Like many across the nation and the world, I was horrified on Monday as my Twitter feed went from tweets cheering on the marathoners in Boston to tweets sharing a terrifying situation as it unfolded. In the days since, the horror of the bombings at the marathon finish line has saddened me to a degree I found a little surprising. I don't know anyone personally affected, but I think the fact that the victims are just normal people who were there to run, there to cheer, there to celebrate.
Running is a sport without a lot of barriers to entry. Lord knows, if I can become a runner just about anyone can! Slow, fast, short, tall, expensive Nikes or barefoot, many many people can participate. It's a sport that doesn't require a lot of cash outlay to get started. In fact, running is one of the first things many children do in their natural progression of development.
I'd wager that most of us have either run in a race or have cheered on friends and family in a race. Of course, it takes a lot of dedication and commitment to qualify and participate in the Boston Marathon. You don't have to have a qualifying time to be a runner, though. No matter the distance or the speed, there's a camaraderie in the running community.
It's been heartwarming to see the running community in our state come together to strengthen those bonds of health, fitness and the celebration of life in the wake of a tragedy like we've seen this week. All over the state, remembrance runs have popped up. One of the biggest will happen this Saturday in Lexington.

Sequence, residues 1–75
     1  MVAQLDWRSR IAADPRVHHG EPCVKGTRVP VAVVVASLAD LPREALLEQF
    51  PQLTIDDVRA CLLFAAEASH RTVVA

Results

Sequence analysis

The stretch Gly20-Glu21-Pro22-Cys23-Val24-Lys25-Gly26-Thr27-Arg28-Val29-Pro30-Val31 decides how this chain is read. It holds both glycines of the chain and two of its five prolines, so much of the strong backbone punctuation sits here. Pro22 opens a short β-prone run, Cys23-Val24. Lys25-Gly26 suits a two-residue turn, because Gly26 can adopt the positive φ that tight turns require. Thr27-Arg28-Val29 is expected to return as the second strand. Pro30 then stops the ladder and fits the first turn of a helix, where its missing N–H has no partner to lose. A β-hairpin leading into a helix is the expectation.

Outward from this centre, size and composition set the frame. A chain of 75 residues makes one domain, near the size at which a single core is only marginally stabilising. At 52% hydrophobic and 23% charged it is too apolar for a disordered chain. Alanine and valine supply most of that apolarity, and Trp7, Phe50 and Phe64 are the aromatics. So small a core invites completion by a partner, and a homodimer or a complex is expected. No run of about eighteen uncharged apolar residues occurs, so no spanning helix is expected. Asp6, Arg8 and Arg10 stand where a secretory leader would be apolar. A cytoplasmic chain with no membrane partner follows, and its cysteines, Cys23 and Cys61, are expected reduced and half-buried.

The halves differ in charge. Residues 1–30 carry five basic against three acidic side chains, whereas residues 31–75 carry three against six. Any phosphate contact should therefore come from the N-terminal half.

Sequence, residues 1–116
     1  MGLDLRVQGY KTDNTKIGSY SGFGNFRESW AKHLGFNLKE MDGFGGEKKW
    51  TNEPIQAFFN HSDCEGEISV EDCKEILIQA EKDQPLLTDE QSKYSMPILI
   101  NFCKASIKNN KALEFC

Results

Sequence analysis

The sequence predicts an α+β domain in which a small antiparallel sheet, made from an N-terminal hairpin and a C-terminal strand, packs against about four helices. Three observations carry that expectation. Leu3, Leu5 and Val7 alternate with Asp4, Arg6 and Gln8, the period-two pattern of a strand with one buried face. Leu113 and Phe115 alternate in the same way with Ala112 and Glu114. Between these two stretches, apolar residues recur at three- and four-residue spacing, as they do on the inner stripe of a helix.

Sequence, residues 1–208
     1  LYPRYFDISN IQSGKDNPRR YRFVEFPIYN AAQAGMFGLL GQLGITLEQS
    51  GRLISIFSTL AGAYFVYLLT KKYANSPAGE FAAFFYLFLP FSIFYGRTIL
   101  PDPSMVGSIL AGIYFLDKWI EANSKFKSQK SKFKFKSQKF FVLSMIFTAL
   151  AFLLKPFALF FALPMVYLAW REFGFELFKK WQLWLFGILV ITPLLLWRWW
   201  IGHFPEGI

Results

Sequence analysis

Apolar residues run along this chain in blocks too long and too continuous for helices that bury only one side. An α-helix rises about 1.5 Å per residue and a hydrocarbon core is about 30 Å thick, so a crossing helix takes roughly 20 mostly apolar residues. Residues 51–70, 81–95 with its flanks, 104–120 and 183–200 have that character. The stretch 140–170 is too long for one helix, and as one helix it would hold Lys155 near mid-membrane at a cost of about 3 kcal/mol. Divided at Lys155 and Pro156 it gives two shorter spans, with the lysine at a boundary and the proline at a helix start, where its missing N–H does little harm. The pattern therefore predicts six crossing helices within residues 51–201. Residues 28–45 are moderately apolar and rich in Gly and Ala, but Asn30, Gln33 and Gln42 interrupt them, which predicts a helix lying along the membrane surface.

John's Run Walk Shop will host a remembrance run for Boston on Saturday 4/20 at 7 am. The group welcomes all speeds, abilities and distances to start off from the shop South Ashland Avenue in Lexington (Chevy Chase) and encourages the wearing of green and white (Boston's city colors).
If you're a runner but not able to attend the run on Lexington, will you dedicate a run this week to the folks in Boston? I know it weighed on my mind tonight, as I struggled through a few miles along the Kentucky River. No matter how tough those miles were, no matter how out of running shape I am, it felt good to get out there again.